Amazon (AMZN) Q2 2022 earnings

Amazon Shares rose more than 12% in extended trading Thursday after the company report Q2 revenue was better than expected and offered an upbeat outlook.

Here’s how the company did it:

  • EPS: Lost 20 cents
  • Turnover: $121.23 billion versus $119.09 billion expected, according to Refinitiv

Here’s how Amazon’s other key segments performed during the quarter:

  • Amazon Web Services: $19.7 billion versus $19.56 billion expected, according to StreetAccount
  • Advertisement: $8.76 billion versus $8.65 billion expected, according to StreetAccount

Revenue growth of 7% in the second quarter topped estimates, bucking a trend among big tech peers, all of which reported disappointing results before Thursday. Apple, along with Amazon, has surpassed expectations.

Amazon said it expects Q3 revenue of $125 billion to $130 billion, a growth of 13% to 17%. According to Refinitiv, analysts had expected revenue of $126.4 billion.

Amazon is facing higher costs, as the pandemic-driven expansion leaves the company with too many workers and too much warehouse capacity.

Chief Executive Andy Jassy said: “Despite continued inflationary pressures in fuel, energy and transportation costs, we are making progress on the controllable costs we have proposed. updates last quarter, especially improving the productivity of our fulfillment network.

By the end of the second quarter, Amazon had cut 99,000 employees to 1.52 million after nearly doubling in size during the pandemic.

Amazon Be recorded a $3.9 billion loss on its investment in Rivian after the electric-car maker’s shares fell 49% in the second quarter. That brings the total loss of the investment this year to $11.5 billion.

Due to the Rivian crash, Amazon posted an overall loss of $2 billion for the quarter. Analysts’ EPS estimates vary considerably, making it difficult to compare actual results with a consensus number.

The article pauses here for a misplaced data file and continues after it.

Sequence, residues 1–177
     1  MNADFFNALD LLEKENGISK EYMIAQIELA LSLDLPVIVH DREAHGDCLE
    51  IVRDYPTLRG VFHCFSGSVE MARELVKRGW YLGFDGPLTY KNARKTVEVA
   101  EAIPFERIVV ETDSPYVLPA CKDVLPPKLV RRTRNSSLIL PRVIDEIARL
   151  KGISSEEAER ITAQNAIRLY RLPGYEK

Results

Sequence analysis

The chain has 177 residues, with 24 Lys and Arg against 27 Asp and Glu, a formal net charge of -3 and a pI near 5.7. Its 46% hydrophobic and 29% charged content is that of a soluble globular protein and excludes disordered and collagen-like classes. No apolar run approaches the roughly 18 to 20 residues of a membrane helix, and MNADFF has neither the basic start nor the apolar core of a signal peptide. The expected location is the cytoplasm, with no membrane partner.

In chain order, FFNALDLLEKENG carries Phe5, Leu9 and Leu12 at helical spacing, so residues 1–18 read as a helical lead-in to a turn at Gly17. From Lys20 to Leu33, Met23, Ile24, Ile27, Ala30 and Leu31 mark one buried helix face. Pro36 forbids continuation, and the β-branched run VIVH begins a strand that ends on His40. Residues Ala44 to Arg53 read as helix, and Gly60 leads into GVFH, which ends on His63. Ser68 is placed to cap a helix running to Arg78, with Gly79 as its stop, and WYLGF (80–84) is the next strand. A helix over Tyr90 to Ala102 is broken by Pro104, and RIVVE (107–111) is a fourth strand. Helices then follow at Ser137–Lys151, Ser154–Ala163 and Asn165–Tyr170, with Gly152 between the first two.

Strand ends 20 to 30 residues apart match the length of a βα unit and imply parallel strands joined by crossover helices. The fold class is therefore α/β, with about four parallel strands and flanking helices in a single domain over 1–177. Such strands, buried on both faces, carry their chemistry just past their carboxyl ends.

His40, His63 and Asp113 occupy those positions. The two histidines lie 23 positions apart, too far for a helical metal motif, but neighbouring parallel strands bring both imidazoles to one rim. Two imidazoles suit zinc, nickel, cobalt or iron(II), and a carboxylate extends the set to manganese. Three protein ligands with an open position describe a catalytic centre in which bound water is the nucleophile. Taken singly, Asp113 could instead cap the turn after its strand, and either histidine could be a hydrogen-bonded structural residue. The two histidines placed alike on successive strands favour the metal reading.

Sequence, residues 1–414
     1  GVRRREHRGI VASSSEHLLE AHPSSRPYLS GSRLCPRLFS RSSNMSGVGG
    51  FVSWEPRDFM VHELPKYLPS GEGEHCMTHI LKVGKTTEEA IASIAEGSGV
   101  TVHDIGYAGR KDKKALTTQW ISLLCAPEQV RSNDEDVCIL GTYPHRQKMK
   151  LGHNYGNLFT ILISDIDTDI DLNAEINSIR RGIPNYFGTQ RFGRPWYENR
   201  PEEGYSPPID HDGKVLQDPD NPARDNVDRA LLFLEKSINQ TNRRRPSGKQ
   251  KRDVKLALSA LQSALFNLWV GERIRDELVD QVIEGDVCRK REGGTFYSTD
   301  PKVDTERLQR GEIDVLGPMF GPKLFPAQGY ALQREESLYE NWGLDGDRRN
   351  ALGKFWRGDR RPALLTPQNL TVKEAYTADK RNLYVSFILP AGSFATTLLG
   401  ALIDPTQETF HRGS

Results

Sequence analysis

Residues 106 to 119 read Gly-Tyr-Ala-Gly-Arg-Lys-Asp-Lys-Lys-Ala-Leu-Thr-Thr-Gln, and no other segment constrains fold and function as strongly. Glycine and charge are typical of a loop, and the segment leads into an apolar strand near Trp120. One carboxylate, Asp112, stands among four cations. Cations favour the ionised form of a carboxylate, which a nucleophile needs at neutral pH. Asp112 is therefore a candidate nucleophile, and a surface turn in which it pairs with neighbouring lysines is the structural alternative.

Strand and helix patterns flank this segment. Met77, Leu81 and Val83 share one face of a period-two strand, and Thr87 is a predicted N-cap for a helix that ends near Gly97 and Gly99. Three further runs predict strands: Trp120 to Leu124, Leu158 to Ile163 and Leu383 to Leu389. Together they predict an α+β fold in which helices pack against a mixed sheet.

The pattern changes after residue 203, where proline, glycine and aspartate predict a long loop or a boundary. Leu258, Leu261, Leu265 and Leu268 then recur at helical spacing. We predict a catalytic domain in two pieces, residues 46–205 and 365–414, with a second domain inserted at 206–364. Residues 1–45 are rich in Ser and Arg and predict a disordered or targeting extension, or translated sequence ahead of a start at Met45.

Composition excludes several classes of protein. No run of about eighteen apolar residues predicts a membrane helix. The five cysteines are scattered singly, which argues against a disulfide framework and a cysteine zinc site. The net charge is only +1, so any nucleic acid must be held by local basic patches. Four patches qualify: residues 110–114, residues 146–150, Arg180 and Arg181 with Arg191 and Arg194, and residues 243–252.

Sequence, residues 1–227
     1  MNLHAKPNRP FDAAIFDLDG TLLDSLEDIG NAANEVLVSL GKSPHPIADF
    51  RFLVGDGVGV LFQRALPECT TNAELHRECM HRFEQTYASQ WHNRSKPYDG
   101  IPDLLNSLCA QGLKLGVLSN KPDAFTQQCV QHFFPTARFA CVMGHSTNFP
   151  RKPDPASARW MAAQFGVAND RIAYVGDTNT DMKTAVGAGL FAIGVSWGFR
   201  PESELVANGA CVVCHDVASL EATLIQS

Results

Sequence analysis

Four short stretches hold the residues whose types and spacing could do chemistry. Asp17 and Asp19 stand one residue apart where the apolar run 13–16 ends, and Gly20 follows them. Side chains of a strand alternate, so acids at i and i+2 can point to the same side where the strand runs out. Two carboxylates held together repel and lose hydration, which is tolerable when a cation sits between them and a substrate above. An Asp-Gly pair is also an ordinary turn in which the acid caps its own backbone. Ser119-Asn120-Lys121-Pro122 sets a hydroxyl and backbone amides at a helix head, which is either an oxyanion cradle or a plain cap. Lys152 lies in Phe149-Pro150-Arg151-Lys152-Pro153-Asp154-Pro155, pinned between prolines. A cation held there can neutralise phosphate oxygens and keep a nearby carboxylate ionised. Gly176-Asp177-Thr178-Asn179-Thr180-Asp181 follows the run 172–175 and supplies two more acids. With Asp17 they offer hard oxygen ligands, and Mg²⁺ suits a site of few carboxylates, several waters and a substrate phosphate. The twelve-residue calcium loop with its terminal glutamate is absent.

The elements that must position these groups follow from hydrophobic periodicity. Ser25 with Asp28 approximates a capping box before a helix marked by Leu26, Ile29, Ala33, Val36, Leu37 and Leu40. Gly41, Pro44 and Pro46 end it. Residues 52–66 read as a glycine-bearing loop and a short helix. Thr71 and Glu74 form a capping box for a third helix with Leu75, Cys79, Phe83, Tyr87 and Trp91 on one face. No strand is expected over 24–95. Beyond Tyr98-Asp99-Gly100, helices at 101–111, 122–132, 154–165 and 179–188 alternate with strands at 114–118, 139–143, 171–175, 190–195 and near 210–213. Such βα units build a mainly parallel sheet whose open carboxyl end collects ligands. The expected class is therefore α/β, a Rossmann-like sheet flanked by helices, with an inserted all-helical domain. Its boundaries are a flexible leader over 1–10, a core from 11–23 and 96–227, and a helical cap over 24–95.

Rivian CEOs RJ Scaringe and Udit Madan stand in front of a new Amazon EV truck powered by Rivian. Amazon and Rivian announce their final custom Electric Delivery Vehicles (EDVs) to begin using them for customer deliveries, in Chicago, Illinois, July 21, 2022.

Jim Vondruska | Reuters

Amazon’s core e-commerce business continues to struggle when online sales are no longer as strong as they were during the peak of the Covid-19 shutdown. The company’s online store segment is down 4% year over year. Grocery store sales continued to recover year-over-year, up 17%.

Amazon’s advertising business was a bright spot in a not-so-dismal quarter for online advertising and shows the company is taking market share in one of its fastest-growing businesses.

Advertising revenue grew 18% during this period. FacebookMeanwhile, revenue fell for the first time and is forecast to decline further in the third quarter. In Alphabetad growth slowed to 12% and YouTube showed a significant deceleration to 4.8% from 84% a year earlier.

Among other leading technology companies, Microsoft also reported disappointing results this week. Apple Type in the top and bottom lineslift stocks in after-hours trading.

Amazon’s cloud segment continues to grow. Sell ​​at Amazon Web Services jumped 33% from a year earlier to $19.74 billion, higher than the $19.56 billion Wall Street expected.

Operating income, excluding investment-related losses, fell to $3.3 billion from $7.7 billion a year earlier. AWS generated operating income of $5.7 billion, accounting for all of Amazon’s profits plus some amounts for the period.

The upbeat results can also help improve the mood around Jassy, ​​who has replaced Jeff Bezos as CEO over a year ago. By Jassy first year at work has been marred by challenges, including an ongoing labor war, a market downturn, growing regulatory pressure and the departure of top talent.

He’s also been under pressure to prove he can return Amazon’s core retail business to the growth investors are used to seeing, a daunting task given the macro pressures that have led to it. companies face, such as soaring inflation and slowing consumer discretionary spending.

CLOCK: A First Look at Amazon and Rivian’s Delivery Electric Vehicles

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